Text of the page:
On March 25, 2020, a National Labor Relations Board Administrative Law Judge (“ALJ”) emphasized the broad reach of Section 7 of the National Labor Relations Act (“Act”) in non-union settings. Ground Zero Foundation d/b/a Academy for Creative Enrichment, Case 4-CA-245956. Charging Party was hired as a summer camp counselor, but was not paid for the ten minutes before the 8 am start or if the workday ended late due to trips. Without first filing a wage claim or complaining to the Company, she discussed the perceived underpayment with co-workers. She also texted with the president to complain about the rounding issue on behalf of both herself and the other counselors. At the end of the day, the president fired Hamill, saying: she was “a bad apple spreading negativity to the other employees”; Respondent’s handbook prohibited employees from discussing wages; Hamill should have spoken with the Company before raising the issue with other employees; and, she should been supervising the children on the bus rather than texting about her wage concerns. In a subsequent position statement, Respondent claimed Hamill was terminated for excessive use of her cell phone, neglect of campers, and insubordination (the last of which was never mentioned during the termination).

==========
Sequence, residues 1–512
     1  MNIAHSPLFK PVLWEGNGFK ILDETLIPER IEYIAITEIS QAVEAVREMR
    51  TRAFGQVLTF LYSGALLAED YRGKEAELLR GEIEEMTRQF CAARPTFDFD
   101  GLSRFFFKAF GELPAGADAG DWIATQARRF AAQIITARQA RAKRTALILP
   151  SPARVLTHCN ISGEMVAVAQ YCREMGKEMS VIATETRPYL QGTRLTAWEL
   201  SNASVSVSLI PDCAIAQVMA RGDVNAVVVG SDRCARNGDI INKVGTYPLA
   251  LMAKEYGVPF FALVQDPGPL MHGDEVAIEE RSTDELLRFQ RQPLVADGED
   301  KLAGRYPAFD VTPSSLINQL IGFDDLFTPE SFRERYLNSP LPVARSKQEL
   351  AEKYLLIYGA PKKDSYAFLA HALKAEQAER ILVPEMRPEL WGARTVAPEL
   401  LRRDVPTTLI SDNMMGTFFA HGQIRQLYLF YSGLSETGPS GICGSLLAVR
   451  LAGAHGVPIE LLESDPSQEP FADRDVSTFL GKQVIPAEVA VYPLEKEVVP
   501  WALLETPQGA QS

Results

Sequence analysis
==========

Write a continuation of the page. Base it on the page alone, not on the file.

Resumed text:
The ALJ found (a) the policy against co-workers discussing wages violated the National Labor Relations Act, (b) Hamill was engaged in protected concerted activity by raising the rounding issue among her co-workers and management, and (c) Hamill was unlawfully discharged for that protected activity – indeed, the ALJ found the evidence of this to be “overwhelming.” This was based not only on statements made during the termination meeting and other conduct by Respondent but also significant evidence of pretext, including shifting explanations for the termination, which indicated Respondent was trying to conceal its real reason.

This case provides important lessons to all employers. First, an employer cannot terminate an employee for raising collective concerns in an appropriate manner. Second, evidence of pretext undermining a defense arises from shifting explanations for discharge. Rebutting claims arising from adverse personnel decisions is effective when well-documented and consistent with past practice and lawful personnel policies.